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July 09, 2005


This morning's New York Times reported it, but you heard it from me first. The Times article said this:

LONDON, July 8 - Investigators have concluded that the bombs that ripped through three subway trains and a bus on Thursday were relatively crude devices containing less than 10 pounds of explosives each. That finding supports a theory gaining momentum among the authorities that the plot was carried out by a sleeper cell of homegrown extremists rather than highly trained terrorists exported to Britain.
The British, assuming this theory pans out, are going to have to do a lot of soul-searching about the best way to handle domestic terrorists.

The Times also had a wonderful article on the new "moderate" leadership of a mosque in London formerly given to radicalism. The article reports that London Muslims are relieved that the former imam, Abu Hamza al-Masri, who is "now detained and facing extradition to the United States to face terrorism-related charges," is gone. But "moderate" is only a relative term.
For many Muslims here, condemning terrorism does not mean condoning American or British policies.

"It is correct to say Islam forbids the killing of civilians, but we need to have a larger discussion about why these actions happened," said Imran Waheed, spokesman for the British branch of Hizb ut-Tahrir, a global Islamist party working for the return of an Islamic caliphate, whose activists handed out leaflets outside the Finsbury Park mosque as people left Friday Prayer. "What we want is equity or parity between the life of a Briton in the suburbs of London and a farmer in Iraq," he said.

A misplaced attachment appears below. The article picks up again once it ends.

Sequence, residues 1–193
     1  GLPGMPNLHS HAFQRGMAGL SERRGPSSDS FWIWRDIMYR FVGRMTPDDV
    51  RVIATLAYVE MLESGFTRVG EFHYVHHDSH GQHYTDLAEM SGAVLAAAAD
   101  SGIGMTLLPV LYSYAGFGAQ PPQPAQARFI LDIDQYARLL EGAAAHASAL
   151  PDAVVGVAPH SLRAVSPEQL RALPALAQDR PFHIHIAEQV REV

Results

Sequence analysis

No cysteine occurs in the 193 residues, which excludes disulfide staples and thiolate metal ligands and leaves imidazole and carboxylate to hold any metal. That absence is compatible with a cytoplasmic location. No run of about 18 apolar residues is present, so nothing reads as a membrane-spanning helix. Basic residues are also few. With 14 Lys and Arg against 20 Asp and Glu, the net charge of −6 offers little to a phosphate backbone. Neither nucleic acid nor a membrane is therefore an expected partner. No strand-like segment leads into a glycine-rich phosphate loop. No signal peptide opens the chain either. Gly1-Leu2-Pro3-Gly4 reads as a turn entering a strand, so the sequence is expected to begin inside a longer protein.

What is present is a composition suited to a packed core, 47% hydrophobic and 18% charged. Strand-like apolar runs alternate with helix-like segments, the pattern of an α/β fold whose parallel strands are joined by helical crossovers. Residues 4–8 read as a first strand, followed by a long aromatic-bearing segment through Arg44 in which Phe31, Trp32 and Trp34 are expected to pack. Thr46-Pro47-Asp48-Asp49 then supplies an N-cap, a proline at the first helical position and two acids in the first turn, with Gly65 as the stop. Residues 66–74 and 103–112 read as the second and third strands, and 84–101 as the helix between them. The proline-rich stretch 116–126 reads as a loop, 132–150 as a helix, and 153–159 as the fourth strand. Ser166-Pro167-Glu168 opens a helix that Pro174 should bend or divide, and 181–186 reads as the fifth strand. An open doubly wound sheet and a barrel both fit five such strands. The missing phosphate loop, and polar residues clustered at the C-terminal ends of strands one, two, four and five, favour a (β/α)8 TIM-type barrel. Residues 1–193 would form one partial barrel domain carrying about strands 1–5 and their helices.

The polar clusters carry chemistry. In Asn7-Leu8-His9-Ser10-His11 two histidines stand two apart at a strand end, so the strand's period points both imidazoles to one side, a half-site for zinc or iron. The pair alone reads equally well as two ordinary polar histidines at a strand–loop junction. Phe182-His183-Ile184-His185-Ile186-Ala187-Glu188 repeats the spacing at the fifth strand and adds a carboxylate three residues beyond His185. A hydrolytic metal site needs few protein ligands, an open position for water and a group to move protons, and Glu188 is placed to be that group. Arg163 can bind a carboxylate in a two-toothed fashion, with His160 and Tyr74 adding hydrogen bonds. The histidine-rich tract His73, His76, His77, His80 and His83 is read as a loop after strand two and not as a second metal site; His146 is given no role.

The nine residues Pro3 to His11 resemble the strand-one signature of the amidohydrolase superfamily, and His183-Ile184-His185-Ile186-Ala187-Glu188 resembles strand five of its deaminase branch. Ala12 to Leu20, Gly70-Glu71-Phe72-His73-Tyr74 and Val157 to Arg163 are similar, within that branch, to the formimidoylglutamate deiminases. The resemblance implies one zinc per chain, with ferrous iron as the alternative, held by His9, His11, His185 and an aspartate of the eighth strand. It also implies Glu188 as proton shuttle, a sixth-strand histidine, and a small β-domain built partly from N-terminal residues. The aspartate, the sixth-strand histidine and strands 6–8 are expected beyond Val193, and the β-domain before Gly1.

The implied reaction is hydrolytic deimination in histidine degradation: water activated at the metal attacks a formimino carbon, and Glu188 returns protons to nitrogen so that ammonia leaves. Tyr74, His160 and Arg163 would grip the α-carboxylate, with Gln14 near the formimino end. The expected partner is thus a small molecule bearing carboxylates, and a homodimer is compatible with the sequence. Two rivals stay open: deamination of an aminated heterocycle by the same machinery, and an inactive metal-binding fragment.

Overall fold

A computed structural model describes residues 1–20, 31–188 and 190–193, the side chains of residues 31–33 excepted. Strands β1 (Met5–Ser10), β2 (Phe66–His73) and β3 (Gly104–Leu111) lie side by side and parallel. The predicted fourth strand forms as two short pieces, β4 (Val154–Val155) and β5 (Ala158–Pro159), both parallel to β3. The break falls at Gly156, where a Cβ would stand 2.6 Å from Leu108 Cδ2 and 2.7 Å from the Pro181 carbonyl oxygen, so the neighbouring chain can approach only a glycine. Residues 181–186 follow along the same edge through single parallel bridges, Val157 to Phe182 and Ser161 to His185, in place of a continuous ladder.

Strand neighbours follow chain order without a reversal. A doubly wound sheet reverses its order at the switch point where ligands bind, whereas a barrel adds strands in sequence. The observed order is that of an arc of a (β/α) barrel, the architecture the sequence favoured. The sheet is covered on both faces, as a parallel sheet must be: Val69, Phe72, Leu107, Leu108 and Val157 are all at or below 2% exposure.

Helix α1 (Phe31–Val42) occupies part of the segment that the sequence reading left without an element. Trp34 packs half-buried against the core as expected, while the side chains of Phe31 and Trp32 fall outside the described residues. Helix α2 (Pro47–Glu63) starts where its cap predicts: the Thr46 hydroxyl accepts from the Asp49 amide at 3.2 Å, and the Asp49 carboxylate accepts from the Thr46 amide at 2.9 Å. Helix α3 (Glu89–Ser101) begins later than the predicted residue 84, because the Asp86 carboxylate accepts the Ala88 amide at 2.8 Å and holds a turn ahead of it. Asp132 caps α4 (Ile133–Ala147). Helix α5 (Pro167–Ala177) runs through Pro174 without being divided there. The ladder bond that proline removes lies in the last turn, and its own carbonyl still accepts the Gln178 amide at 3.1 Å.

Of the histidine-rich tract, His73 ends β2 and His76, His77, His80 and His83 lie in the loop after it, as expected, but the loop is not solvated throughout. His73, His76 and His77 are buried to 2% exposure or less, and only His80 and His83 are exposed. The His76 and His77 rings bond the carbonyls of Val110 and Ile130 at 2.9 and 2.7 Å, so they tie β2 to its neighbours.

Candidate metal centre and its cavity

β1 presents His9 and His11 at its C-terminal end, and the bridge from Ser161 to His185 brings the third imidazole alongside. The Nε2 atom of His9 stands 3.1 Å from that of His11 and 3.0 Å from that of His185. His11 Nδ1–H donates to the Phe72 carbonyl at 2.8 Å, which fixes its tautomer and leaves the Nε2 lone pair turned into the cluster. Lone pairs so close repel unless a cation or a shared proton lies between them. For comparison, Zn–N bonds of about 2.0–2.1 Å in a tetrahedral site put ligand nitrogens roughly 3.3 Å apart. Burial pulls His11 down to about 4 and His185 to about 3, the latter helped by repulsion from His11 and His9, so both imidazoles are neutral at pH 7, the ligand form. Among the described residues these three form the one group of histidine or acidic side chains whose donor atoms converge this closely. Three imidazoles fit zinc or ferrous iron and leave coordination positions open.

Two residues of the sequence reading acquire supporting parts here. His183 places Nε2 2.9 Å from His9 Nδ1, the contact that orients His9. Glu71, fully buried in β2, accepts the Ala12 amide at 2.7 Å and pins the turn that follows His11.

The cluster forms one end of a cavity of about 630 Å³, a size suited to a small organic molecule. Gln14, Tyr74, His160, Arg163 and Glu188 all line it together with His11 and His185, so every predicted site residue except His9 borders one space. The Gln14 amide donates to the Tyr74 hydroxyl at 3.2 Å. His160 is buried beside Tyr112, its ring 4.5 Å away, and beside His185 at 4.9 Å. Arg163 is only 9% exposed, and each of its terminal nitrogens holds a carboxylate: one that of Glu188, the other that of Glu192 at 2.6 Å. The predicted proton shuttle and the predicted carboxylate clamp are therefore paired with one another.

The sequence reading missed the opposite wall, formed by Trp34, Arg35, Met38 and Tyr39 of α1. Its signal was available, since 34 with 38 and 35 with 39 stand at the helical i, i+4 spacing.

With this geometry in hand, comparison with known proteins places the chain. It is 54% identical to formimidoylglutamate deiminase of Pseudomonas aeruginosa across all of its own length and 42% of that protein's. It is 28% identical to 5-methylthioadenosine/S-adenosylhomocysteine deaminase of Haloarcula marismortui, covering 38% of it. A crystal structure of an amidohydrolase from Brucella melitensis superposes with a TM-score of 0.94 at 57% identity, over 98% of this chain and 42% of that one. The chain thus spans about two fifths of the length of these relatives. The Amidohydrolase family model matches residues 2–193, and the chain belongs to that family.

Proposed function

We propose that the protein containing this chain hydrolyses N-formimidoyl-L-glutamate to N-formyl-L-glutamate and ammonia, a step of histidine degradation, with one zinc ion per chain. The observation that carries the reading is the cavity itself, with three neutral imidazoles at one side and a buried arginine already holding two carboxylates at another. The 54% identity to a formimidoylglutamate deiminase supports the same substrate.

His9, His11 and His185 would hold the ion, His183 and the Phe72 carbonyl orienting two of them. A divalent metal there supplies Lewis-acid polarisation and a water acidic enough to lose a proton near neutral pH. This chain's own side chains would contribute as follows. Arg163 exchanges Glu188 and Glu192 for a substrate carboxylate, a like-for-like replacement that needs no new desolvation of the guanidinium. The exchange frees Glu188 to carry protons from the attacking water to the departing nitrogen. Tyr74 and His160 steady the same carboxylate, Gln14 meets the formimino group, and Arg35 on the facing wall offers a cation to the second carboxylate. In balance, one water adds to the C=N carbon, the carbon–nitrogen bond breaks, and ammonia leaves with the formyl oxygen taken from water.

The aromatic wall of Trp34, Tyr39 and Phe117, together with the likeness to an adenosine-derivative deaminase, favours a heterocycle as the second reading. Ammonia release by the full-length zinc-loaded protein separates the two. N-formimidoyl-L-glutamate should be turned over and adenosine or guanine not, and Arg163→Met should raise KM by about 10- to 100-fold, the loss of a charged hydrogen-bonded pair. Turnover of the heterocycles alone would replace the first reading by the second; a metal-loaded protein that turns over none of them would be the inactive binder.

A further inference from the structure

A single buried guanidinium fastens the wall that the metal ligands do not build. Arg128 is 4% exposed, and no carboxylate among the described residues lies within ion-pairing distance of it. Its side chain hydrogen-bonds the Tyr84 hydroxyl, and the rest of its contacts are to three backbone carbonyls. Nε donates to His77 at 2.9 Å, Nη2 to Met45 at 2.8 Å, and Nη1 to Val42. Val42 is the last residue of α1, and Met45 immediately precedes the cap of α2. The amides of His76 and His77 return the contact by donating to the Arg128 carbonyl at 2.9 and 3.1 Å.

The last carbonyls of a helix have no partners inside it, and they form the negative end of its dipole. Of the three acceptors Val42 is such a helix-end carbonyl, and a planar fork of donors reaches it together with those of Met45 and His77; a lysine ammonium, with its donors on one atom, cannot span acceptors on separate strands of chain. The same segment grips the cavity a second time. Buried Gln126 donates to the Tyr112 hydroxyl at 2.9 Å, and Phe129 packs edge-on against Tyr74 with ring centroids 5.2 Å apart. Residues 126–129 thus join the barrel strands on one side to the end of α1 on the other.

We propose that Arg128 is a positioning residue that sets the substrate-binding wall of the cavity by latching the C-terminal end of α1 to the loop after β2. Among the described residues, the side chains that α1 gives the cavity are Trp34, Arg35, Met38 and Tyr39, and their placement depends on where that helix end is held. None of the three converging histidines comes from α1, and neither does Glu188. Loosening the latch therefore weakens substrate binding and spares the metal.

Opposition to Britain's role in Iraq has turned the area's Muslim community away from the governing Labor Party and toward the upstart Respect Party of George Galloway, who issued a statement Thursday saying that his party had warned that the war in Afghanistan and Iraq would increase the threat of terrorist attack in Britain.

Massoud Shadjareh, chairman of Britain's Islamic Human Rights Commission, argued that injustice lends legitimacy to extremist discourse.

"There needs to be a separation between those who are committing those atrocities and those who are passionate about injustice," he said, adding that dismissing extremists outright only isolates them and makes them more likely to turn to violence. "We need to encourage that passion and give them avenues within the civil society to deal with injustices."

"We have far greater experience as victims of terror than as perpetrators of terror," said Mr. Waheed of Hizb ut-Tahrir, saying that the community's reaction to the killing of Muslims in Afghanistan and the Middle East has been "remarkably restrained."

"People need to understand the feeling on the Muslim street," he said. "People hate the foreign policy of Britain and the United States, and the West needs to consider whether constant interference in the Muslim world is productive."
"Constant interference in the Muslim world?" Here's the recent track record up until September 11:
America conducted three wars in the 1990s. The Gulf War saved the Kuwaiti people from Saddam. American intervention in the Balkans saved Bosnia. And then we saved Kosovo from Serbia. What do these three military campaigns have in common? In every one we saved a Muslim people.
The motto of the "moderate" Muslim leadership may be this: We despise you, but we won't (personally) try to kill you. Not bad, huh?